Hillary Rodham Clinton, and us
Both George W. Bush and Hillary Clinton exemplify one of the things that has been going wrong with American politics for the last half-century--the critical importance of name recognition and fundraising contacts. Party leaders and party activists picked Presidential candidates exclusively until the early 1900s, when primaries began to come in. The party leaders, however, dominated the process right up until 1960--and that kept politics as more than a vehicle for personal ambition. The party leaders had to worry about one critical issue: who could win. They also knew that any candidate upon whom they settled could count on his party's established base, and upon a cadre of activists in swing states. But that whole tradition went up in smoke during the 1960s--and ever since then the nominating contests have been free-for-alls in which every candidate and his staff essentially care only about themselves.
Something else, meanwhile, had already transformed the process: the importance of national name recognition and, apparently, contacts with each party's leading fundraisers. Vice Presidents were the first to benefit from this development. Astonishingly, not a single Vice President (save those who actually had inherited the Presidency) ever even became a national candidate for President from John Adams until Richard Nixon, but Nixon inaugurated an entirely new trend. Hubert Humphrey, Walter Mondale, George H. W. Bush and Al Gore all parlayed terms as Vice President into presidential candidacies, and Bob Dole even used an unsuccessful (and, actually, fairly disastrous) campaign for the office to turn himself into a national figure. Strikingly, Humphrey, the elder Bush and Gore had all failed even to get their parties' nominations in earlier runs for the Presidency, but four or eight years near the center of things were enough to make them front-runners, candidates, and, in one case, a President. Ronald Reagan meanwhile showed that an acting career could be an entry into high-level politics, and during the whole last third of the twentieth century only two obscure politicians, Jimmy Carter and Bill Clinton, reached the White House under their own power. Both benefited from crowded primary fields during the early going.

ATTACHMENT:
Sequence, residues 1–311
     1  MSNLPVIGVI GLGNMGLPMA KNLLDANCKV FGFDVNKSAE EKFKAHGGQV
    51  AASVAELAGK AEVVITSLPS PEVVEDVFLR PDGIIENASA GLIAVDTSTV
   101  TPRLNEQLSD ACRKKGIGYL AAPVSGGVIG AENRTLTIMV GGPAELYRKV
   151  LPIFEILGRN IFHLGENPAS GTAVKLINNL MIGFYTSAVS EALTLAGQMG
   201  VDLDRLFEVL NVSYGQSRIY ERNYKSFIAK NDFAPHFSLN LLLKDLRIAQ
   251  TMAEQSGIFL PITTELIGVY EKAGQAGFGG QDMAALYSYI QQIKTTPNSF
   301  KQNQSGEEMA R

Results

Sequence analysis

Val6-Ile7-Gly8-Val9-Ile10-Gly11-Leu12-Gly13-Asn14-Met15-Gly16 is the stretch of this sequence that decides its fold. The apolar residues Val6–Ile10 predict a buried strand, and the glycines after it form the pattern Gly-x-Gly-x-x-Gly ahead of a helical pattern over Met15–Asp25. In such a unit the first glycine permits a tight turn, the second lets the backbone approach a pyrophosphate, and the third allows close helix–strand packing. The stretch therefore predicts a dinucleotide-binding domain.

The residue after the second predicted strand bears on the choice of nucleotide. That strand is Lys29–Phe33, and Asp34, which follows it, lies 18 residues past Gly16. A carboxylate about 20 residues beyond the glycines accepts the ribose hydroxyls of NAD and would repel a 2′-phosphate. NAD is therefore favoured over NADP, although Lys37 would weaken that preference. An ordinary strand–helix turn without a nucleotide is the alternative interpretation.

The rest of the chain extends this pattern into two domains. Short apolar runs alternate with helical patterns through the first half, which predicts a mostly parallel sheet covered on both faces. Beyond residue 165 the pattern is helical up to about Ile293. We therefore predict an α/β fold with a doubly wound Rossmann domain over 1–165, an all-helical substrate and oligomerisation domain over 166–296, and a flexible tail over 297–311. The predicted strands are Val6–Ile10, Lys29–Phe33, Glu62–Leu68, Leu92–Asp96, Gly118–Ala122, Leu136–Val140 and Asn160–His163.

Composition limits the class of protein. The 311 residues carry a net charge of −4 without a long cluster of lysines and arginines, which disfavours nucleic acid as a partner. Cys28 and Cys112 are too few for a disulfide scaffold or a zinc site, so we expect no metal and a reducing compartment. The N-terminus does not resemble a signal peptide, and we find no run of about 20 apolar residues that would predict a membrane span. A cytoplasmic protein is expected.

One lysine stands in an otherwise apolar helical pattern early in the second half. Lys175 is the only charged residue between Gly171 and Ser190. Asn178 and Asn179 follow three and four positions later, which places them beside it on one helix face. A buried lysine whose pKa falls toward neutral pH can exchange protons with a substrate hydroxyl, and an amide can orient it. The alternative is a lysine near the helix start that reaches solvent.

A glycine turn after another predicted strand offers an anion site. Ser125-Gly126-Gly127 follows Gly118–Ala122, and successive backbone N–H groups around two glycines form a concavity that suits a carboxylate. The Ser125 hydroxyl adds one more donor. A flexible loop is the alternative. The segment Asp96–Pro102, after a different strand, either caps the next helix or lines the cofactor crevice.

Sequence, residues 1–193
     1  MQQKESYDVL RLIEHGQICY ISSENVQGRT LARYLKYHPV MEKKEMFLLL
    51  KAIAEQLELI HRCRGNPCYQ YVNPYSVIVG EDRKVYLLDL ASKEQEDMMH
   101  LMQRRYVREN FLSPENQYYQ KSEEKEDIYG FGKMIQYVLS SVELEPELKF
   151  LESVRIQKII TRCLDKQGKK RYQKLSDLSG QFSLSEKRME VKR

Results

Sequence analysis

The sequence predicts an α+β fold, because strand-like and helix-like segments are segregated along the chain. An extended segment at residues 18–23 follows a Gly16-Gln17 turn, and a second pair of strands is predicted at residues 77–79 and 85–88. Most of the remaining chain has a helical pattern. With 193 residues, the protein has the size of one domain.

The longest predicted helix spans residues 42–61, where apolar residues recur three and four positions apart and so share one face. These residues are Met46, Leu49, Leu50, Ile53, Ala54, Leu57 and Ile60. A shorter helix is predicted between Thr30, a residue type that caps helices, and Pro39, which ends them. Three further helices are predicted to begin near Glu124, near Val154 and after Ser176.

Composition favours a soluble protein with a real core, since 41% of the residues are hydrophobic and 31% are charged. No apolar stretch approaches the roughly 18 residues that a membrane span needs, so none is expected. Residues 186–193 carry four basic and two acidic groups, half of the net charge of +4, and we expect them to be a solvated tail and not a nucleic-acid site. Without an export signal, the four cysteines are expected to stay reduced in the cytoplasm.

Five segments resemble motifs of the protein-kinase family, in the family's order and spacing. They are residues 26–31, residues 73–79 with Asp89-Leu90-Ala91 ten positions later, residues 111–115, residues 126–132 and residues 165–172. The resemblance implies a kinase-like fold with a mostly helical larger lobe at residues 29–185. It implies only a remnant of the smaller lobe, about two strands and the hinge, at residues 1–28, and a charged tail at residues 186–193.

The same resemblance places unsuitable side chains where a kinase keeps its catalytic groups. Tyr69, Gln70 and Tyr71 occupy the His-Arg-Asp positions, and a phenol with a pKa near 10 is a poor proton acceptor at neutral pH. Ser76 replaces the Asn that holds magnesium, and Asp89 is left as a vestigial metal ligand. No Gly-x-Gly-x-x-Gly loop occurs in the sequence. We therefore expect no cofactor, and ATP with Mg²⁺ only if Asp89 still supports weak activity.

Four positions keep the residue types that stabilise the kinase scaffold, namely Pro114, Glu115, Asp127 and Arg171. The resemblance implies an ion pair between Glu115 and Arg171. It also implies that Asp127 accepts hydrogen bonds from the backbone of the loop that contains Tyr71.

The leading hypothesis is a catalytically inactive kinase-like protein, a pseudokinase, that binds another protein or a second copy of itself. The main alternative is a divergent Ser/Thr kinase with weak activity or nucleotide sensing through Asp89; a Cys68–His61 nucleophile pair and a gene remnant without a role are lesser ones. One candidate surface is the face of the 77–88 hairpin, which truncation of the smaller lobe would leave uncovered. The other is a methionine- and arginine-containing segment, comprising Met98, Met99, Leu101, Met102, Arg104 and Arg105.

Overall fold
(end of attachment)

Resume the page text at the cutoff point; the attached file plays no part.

George W. Bush and Democratic front-runner Hillary Clinton represent a new stage in this process--they achieved national prominence through their family connection to Presidents. His father's Presidency "made my life," our current leader has generously acknowledged, and it is certainly hard to imagine him becoming President of the Texas Rangers or Governor of Texas without it. As for Hillary Rodham Clinton, Bernstein details at length, as others have done before, the myth that has held her inner circle together for 35 years--the idea that she would inevitably have become a Senator and probably a President had she not moved to Arkansas and married Bill Clinton. That this is possible I do not doubt, but to regard it as inevitable is almost incredibly naive, given the role that pure luck has always played in the making and unmaking of political careers. Hillary Clinton became a national figure because her husband became President. That, and that alone, gave her both the name recognition and the fund-raising contacts that enabled her to win election to the U.S. Senate and to secure the support of leading Democratic fundraisers in her race for the Presidency.
Today's New York Times confirms that Clinton is today a solid front-runner, even if her lead in national polls is bigger than any edge she has in the first three key states. I have to admit that I found this depressing even before reading Bernstein's book, and I find it even more so now. And at the risk of alienating still more liberals who cannot stand it when I identify similarities across party lines, I have to say that what struck me as much as anything as I read his well-researched book were the similarities between her and the man she wants to replace.
To be sure, I think Clinton would be a considerably better President than Bush, and her values are certainly much closer to mine; yet I put down this book wondering how much her values matter to her. The principle characteristic they share is an extraordinary self-righteousness, combined with a congenital inability to admit a mistake, much less a fault. Religion, surprisingly, plays a role in both cases. Clinton's Methodism has evidently given her, too, the sense that she is a soldier doing the Lord's work, and it has also given her a feeling of superiority over morally flawed beings, most notably her own husband. The investigations she and her husband had to cope with increased her self-righteousness. Here I am sympathetic--neither Whitewater nor the travel office firings nor the President's sexual escapades, in my opinion, would ever have become major controversies in a halfway rational world. Hillary Clinton felt persecuted, and she was right. Yet the fact remains, as Bernstein shows, that she made many misleading statements about her role in the travel office firings and her legal work for James McDougald and that her behavior generally showed a complete unwillingess to admit error. Meanwhile, her secrecy fetish (which seems to have if anything gotten worse during her Senate career) and her questionable political instincts had a lot to do with the catastrophic failure of the Clinton health care proposal. Loyal Democrats, of course, were willing to forgive all of this. They saved the President (rightly) from conviction on trivial charges, and she emerged from it all, astonishingly, as a liberal icon.